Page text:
Even with the Extension, Corporates Struggle with Libor Transition

  • By Tom Hunt, CTP & Freelance Writers
  • Published: 2/1/2021

Support for Libor was set to end after 2021, but in November, the benchmark’s administrator proposed an 18-month extension to complete the array of complexities to transition legacy transactions.

While the extension will give market participants more time to transition legacy transactions to a replacement reference rate, regulators still want new loans to reference a replacement starting in 2021, requiring significant business and operational issues to be addressed while many corporates are still in the early stages of the transition.

Tom Hunt, CTP, director, treasury services at the Association for Financial Professionals (AFP), participated in a recent webinar hosted by Kyriba, a global leader in cloud treasury and finance solutions. A poll shared in the webinar suggests corporates must pick up the pace, not only to refinance debt coming due but because the Libor reference rate may be used for much more than loans.

Poll responders said first that they are starting to look at what the transition entails, followed respectively by identifying their businesses’ exposures to Libor and reaching out to their banks to plan the migration. Hunt said the poll results were “not surprising,” given many members are just beginning the transition and “trying to understand what this all means, including the 2023 [extension of Libor] date.”

Regulators have supported the delay, but they have also reiterated that all new floating-rate loans should reference a replacement rate by year-end, and preferably much sooner.

The Alternative Reference Rates Committee (ARRC), sponsored by the New York Fed, has promoted the development of the secured overnight funding rate (SOFR), a replacement benchmark supported by global banks and their customers. Regulators have also green-lighted the American interbank offered rate (AMERIBOR), favored by regional and community banks. The ARRC’s best practices recommend pricing syndicated loans and derivatives over a replacement rate by June 30, leaving corporates with plenty to do by then.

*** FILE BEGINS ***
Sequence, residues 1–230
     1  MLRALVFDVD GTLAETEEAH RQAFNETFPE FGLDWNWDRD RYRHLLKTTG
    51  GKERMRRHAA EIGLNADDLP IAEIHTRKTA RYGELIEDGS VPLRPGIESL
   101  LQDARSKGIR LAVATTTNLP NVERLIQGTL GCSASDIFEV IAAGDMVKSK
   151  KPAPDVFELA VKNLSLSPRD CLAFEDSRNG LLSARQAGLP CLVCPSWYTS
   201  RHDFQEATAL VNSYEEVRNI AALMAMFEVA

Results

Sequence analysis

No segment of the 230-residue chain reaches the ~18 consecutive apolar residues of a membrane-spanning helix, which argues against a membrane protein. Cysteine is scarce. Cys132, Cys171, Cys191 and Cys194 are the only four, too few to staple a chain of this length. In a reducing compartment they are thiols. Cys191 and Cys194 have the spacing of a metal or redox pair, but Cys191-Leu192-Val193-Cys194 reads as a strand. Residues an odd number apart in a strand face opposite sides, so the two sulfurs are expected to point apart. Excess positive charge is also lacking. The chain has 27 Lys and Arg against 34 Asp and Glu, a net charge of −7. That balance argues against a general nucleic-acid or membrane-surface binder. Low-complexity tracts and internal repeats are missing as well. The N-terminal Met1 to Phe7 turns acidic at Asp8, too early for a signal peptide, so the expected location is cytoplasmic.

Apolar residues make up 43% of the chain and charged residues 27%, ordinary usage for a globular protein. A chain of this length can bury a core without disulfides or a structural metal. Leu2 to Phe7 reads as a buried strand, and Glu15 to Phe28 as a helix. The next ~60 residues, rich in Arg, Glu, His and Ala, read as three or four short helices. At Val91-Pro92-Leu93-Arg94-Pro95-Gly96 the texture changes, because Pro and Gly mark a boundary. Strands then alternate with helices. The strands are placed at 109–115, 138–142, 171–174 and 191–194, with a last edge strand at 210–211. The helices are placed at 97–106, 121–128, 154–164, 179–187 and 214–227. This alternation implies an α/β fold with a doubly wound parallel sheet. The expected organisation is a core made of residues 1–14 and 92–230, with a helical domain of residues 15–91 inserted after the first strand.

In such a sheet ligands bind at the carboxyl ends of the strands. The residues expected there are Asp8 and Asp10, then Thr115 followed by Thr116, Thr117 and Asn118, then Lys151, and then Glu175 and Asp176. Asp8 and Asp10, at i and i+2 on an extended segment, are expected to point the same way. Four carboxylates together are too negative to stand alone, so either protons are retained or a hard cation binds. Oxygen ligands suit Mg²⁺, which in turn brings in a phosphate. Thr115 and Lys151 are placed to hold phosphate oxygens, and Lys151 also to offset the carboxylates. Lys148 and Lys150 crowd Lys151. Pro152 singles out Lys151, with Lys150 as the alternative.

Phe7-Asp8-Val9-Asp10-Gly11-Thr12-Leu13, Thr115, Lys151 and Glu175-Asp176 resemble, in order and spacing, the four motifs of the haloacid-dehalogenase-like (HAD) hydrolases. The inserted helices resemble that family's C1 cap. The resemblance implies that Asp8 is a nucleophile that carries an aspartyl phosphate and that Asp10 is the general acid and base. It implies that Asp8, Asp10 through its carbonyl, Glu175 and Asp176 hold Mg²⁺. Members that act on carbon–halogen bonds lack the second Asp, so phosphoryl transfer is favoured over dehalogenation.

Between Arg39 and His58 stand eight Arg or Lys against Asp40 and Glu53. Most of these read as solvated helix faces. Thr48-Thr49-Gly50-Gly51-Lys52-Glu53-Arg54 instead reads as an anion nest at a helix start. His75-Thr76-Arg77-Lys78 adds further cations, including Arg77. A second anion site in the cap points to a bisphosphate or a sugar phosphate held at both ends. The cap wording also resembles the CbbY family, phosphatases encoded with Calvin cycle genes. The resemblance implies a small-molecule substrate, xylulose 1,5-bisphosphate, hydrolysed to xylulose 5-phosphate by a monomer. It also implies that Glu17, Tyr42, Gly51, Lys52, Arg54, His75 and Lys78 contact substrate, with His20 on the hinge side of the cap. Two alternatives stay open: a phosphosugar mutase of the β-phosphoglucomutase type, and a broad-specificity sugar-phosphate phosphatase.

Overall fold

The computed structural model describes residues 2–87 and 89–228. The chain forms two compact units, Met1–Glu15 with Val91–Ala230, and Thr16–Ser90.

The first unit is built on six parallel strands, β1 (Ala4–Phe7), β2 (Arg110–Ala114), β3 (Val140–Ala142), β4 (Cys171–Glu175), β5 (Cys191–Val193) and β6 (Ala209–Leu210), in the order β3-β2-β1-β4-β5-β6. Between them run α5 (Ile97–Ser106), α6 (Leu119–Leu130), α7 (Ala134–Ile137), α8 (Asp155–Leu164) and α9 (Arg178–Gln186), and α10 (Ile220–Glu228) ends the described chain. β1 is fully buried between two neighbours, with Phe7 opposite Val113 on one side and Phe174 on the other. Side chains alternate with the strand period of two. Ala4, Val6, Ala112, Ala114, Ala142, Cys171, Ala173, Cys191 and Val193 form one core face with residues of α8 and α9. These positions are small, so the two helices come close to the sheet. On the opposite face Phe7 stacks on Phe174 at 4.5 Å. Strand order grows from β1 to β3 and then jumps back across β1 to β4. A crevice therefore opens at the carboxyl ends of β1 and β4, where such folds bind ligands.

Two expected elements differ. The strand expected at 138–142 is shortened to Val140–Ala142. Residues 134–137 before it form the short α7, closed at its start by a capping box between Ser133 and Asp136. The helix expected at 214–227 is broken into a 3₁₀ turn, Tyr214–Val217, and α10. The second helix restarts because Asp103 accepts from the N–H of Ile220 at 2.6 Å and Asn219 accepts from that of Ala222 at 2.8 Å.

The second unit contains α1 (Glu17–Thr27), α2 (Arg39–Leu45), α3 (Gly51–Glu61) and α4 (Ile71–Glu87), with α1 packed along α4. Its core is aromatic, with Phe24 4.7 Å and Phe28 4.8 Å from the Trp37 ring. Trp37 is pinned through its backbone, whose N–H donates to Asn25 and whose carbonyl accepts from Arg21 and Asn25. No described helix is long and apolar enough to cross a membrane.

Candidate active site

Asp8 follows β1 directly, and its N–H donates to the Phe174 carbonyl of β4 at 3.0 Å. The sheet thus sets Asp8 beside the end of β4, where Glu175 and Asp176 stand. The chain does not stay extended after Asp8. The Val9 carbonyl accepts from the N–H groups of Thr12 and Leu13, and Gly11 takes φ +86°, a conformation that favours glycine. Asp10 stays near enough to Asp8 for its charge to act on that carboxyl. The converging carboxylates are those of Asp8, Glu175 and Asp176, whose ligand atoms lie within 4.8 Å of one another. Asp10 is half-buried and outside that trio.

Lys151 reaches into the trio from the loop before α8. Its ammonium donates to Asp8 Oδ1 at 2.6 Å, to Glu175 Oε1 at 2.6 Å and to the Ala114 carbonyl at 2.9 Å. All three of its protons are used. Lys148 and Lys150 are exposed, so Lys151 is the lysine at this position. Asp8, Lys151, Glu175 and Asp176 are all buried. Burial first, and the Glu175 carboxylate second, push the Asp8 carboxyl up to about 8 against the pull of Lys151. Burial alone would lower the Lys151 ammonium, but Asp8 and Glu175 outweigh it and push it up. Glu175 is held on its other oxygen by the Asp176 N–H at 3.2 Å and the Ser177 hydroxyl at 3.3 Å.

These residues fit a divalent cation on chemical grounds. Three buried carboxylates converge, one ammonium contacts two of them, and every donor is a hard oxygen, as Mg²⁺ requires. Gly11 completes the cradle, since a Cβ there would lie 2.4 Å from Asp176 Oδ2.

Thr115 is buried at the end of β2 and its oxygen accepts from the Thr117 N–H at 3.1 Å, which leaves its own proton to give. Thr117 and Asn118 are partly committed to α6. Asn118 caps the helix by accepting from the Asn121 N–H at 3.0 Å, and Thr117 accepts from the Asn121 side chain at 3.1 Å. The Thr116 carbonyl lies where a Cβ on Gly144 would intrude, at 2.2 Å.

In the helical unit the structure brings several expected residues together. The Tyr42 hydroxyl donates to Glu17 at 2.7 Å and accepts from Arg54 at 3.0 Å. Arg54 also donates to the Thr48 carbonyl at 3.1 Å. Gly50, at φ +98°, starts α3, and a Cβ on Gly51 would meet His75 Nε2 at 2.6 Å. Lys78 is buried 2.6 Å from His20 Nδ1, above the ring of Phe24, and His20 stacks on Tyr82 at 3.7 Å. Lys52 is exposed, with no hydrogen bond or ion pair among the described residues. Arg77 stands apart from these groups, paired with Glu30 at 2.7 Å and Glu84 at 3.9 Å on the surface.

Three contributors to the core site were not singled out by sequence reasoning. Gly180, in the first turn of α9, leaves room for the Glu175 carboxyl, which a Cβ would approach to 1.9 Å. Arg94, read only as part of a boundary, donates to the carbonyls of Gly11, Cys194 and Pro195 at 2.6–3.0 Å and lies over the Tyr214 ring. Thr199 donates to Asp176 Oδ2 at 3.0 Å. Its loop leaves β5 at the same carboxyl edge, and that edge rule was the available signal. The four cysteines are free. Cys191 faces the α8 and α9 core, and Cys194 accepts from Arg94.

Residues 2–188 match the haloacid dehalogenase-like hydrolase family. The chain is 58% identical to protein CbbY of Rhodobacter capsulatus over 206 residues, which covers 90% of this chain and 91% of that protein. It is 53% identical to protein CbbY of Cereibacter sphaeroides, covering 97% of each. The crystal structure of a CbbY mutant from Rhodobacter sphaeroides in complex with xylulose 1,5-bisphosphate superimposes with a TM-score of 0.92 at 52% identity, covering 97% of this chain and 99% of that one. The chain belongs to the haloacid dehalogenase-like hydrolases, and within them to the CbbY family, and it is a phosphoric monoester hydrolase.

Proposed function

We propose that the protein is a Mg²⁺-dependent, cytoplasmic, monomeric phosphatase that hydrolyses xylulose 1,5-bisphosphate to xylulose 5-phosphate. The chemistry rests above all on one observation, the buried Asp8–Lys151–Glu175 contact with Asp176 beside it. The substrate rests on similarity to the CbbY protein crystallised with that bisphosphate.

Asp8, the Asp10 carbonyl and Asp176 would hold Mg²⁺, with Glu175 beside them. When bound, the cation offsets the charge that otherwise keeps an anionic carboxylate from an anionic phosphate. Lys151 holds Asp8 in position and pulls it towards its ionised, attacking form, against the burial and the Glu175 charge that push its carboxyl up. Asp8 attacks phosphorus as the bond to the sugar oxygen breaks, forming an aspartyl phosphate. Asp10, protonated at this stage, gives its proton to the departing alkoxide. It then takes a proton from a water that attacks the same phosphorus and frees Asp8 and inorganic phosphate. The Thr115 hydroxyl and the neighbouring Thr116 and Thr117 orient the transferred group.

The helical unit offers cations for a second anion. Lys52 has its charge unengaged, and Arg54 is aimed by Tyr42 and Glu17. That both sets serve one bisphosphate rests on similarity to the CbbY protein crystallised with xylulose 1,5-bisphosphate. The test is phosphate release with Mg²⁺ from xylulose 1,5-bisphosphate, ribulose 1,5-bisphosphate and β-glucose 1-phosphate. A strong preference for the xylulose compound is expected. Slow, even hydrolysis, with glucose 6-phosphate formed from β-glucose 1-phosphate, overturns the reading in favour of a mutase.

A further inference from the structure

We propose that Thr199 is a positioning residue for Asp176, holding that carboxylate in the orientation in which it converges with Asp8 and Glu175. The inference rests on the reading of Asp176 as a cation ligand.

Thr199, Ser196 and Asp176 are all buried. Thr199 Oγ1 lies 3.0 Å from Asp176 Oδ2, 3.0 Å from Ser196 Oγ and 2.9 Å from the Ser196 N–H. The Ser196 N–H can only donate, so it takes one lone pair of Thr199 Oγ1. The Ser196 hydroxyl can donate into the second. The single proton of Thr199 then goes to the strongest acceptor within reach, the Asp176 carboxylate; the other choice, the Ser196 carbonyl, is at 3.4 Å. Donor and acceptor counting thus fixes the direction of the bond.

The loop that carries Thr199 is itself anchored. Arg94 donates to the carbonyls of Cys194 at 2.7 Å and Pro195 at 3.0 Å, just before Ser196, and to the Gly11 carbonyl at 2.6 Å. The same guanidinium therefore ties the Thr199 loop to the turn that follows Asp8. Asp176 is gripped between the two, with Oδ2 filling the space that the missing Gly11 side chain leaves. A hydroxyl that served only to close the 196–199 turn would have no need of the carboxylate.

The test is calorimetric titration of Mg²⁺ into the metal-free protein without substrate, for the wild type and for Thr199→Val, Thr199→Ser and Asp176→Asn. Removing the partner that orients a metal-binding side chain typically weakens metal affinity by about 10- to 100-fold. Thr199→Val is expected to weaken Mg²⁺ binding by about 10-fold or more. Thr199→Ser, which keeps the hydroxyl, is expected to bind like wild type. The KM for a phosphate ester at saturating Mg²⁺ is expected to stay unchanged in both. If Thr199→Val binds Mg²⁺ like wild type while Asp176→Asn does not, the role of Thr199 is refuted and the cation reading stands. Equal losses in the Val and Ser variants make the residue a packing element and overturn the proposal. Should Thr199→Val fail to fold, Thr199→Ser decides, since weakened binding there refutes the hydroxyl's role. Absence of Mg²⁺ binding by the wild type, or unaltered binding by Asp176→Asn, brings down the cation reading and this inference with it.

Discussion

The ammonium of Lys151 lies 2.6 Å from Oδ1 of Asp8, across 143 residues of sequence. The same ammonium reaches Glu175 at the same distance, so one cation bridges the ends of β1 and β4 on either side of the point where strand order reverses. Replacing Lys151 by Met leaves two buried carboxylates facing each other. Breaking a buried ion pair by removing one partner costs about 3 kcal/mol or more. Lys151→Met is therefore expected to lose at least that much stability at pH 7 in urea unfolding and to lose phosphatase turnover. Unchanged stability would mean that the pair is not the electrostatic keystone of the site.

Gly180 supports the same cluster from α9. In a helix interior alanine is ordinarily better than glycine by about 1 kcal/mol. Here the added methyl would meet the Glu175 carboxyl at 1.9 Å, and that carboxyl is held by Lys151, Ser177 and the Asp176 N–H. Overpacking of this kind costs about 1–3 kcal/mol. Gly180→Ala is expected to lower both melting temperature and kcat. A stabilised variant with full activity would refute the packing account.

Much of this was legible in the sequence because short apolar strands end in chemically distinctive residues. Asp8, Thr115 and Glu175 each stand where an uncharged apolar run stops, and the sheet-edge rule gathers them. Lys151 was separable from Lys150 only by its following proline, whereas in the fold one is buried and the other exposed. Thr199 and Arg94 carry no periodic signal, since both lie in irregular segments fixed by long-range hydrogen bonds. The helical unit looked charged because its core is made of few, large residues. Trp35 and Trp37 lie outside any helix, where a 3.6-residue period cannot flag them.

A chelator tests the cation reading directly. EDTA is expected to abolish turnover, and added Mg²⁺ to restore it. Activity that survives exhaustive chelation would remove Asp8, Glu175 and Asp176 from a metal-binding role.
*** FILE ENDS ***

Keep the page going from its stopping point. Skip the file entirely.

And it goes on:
AFP is procuring a working group of nonfinancial corporates to provide pertinent input to the ARRC. A recent recommendation “overwhelmingly supported” by corporate participants, Hunt said, was for in-house banking that facilitates internal or intercompany loans to use 90-day SOFR as a convention to replace Libor. The intent is to uncover corporates’ transition complexities and aid the ARRC in developing best practices.

“We’re trying to make this [transition] more corporate-focused and bring the voice of corporates to the ARRC,” Hunt said, adding that the working group is accepting new members.

Libor often pervades companies in areas including leases, supply chain contracts and valuation models, noted Jehane Walsh, a manager in Deloitte’s treasury management services, who participated in the webinar. The floating-rate transition may impact many different corporate functions, she said, requiring “coordination to truly understand the exposures and figure out what changes need to be made to get ready for the change.”

Adam Bridgewater, Kyriba’s Libor-transition expert, pointed out in the webinar the significant differences between Libor, a forward-looking term rate enabling corporates to understand interest payments far in advance, and overnight SOFR and Ameribor. He noted that term versions of the “risk-free rates” are in the works but likely won’t arrive for a while. In the meantime, corporates must perform more complicated calculations to determine interest payments and ensure conventions between their loans and derivative hedges are in sync, or risk losing hedge-accounting treatment.

“You should make sure your vendor systems are ready for the new rates in each area where your business has exposures to USD Libor,” Bridgewater said.

For more on the Libor transition, download AFP's Treasury in Practice Guide: Making Preparations for a Post-Libor World.


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